FROM ALL AN­GLES

Hong Kong Tatler - - Cars -

grad­u­ate of Lon­don’s Royal Col­lege of Art and pre­vi­ously chief designer at Jaguar, the 46-year-old bears a re­mark­able like­ness to Prime Min­is­ter David Cameron. “I like to imag­ine peo­ple as cars,” he tells me over mouth­fuls of salmon tartare. “A Rolls walks that fine line of sta­tus and author­ity. I imag­ine Peter Cush­ing or Rita Hay­worth. It needs beauty, in­tel­lect and a lit­tle bit of ar­ro­gance. If you have a con­ver­sa­tion with it, the car will get the up­per hand.”

The Ghost has been Rolls’ best-sell­ing car. Or­ders are up 40 per cent in the Asi­aPa­cific re­gion and, star­tlingly, 60 per cent in sup­pos­edly belt-tight­en­ing Europe. The Ghost is the ju­nior of Rolls’ two four-door mod­els, the daddy be­ing the Phantom. While the Phantom is a be­he­moth rarely driven by the owner, the Ghost is more akin to a long-wheel­base Mercedes S- Class, though con­sid­er­ably more ex­pen­sive. But to com­pare a Ghost with an S- Class is to miss the point, be­cause a Rolls-royce is like no other car.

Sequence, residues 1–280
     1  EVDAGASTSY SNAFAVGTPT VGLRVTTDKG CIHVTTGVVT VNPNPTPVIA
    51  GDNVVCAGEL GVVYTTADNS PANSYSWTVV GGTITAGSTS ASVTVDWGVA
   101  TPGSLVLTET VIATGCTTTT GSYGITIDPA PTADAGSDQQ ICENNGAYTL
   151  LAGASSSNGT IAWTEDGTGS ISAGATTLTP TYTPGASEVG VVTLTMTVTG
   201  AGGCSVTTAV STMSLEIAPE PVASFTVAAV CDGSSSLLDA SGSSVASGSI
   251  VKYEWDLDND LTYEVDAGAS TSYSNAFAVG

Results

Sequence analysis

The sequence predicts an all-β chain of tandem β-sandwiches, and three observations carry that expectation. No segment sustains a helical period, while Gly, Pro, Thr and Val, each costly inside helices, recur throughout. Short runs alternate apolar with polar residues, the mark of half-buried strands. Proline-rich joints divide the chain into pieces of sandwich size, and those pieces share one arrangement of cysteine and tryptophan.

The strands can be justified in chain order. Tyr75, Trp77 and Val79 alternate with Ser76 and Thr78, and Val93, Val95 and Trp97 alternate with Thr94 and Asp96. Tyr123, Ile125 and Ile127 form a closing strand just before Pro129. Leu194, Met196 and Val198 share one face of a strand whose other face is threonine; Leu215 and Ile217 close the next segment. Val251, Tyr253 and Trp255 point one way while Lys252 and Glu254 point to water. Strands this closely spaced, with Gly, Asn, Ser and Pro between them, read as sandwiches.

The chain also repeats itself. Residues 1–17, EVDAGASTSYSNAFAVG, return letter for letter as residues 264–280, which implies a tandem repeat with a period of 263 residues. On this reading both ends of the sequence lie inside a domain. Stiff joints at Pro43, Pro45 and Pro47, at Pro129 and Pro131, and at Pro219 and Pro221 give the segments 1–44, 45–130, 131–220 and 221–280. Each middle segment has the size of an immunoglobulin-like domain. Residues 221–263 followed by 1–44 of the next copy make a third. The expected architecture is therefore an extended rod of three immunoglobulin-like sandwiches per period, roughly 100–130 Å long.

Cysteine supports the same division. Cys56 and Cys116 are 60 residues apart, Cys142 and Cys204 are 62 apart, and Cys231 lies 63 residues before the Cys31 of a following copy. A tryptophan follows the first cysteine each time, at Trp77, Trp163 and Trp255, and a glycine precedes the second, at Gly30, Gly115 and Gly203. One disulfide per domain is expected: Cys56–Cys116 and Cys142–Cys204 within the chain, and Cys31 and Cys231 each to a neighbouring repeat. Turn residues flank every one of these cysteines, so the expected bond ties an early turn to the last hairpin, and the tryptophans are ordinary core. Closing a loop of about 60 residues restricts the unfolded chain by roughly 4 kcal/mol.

You don’t drive a Rolls-royce; it wafts. You don’t travel; the world comes to you. There is no sport but­ton, no pad­dle shift. Screens are hid­den be­hind wood and only ap­pear if needed. The only la­belling in the cabin are

THE EX­TE­RIOR OF THE GHOST SE­RIES II COM­BINES IM­PACT AND RE­STRAINT. THERE’S AN ECON­OMY OF LINE, BUT ALSO VERVE

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